While national and state governments have developed general Aboriginal and Torres Strait Islander health plans and strategies, no state- or nation-wide foot health programs for prevention of diabetes related foot complications were identified in the literature. Benefits of existing foot care programs for Aboriginal and Torres Strait Islander peoples are therefore largely restricted to the area/s in which they are delivered. Of the thirteen reports that met the inclusion criteria (Table 1), one detailed quantitative data related to clinical patient outcome measures following implementation of the program [28]. The most widely used program, the IDFP (Indigenous Diabetic Foot Program), has been assessed with regard to workshop attendee competency and client perceptions of the educational material provided. Evaluation of the IDFP’s impact in terms of patient outcomes and rates of diabetes related foot complications is yet to be undertaken/published [35].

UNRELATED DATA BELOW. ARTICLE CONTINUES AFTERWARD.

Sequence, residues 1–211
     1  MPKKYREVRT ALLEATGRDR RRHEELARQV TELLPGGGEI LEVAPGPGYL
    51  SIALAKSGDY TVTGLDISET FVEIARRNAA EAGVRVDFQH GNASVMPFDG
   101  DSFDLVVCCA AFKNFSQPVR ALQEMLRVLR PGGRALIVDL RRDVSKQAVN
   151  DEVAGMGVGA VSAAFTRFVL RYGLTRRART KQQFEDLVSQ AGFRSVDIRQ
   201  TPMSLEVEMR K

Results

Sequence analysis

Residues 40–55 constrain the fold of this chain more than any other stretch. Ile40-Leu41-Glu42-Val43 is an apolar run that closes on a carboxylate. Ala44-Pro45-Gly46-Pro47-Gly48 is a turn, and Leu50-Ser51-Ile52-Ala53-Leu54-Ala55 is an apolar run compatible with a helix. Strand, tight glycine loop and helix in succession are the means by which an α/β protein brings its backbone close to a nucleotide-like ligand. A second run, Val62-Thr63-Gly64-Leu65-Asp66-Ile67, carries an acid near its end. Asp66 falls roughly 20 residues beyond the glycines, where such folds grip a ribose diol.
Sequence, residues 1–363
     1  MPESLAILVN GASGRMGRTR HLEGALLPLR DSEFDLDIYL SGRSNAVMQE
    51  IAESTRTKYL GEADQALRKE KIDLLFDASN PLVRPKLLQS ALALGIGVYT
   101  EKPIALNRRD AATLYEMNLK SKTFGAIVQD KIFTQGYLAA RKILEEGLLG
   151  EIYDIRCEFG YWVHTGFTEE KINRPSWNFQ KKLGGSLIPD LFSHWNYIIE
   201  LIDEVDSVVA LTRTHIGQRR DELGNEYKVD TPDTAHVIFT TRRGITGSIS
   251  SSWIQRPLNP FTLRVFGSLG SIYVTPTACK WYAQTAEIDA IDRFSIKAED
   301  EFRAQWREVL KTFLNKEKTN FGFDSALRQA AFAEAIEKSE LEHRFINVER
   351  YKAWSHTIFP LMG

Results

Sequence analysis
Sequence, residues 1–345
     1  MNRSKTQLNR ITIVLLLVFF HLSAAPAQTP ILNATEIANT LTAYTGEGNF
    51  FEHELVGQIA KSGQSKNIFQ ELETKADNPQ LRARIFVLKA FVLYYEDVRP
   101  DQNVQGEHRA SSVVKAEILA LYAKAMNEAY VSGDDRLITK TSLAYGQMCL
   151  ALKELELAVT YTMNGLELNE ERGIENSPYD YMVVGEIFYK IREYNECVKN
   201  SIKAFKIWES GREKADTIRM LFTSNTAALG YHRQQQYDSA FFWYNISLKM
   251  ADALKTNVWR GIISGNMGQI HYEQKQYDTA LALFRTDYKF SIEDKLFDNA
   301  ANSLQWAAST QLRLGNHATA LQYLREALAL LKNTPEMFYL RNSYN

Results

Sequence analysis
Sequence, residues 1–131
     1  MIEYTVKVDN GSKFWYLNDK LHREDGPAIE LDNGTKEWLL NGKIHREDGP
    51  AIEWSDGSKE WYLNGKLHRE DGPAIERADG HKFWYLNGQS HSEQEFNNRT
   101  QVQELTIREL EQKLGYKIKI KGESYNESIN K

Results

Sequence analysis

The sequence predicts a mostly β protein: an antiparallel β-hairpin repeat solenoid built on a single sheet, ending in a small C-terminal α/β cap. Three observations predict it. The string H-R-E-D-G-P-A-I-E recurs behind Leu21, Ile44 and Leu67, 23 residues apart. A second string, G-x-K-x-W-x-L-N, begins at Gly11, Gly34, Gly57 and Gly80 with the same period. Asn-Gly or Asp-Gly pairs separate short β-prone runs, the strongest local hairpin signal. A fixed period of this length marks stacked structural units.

Despite years of research, Aboriginal and Torres Strait Islander Australians still have worse health outcomes than non-Indigenous Australians. A key criticism of the research to date, both in Australia and in Indigenous populations of other countries, is a high concentration of descriptive research regarding populations, risks and measures, rather than a focus on assessment of the efficacy of interventions to close the health outcome gap [36, 37]. To enable an intervention to be successfully and widely implemented by front-line clinicians it must meet rigorously designed methodological standards, it must have been tested for its effectiveness and reproducibility, and it must be easily accessible in peer reviewed literature [36]. While six of thirteen reports (46%) in this review do describe interventions, only one (8%) of the reports [28] describes patient based clinical outcomes following implementation of a podiatry service. Overall, methodological quality of the studies that were eligible to be assessed was mixed. Lack of robust assessment of outcome data, including comparison to control data in relation to patient outcomes, was common to all studies. In addition, reporting of economic analysis related to development or implementation of the interventions was not provided in any study. Lack of documented follow-up evaluation of interventions, similar to that seen in the stand-alone foot programs in this review, has been described previously. A report investigating the implementation of 1082 Australian Indigenous health, cultural and education programs, found only 8% of programs were evaluated [38]. Additionally, in contrast to non-Indigenous health interventions, the majority of the reports included in this review were published in non-peer reviewed grey literature. These factors make it challenging for clinicians and researchers to locate and implement best practice evidence in relation to foot health programs for the prevention of diabetes related foot complications in Aboriginal and Torres Strait Islander Australians.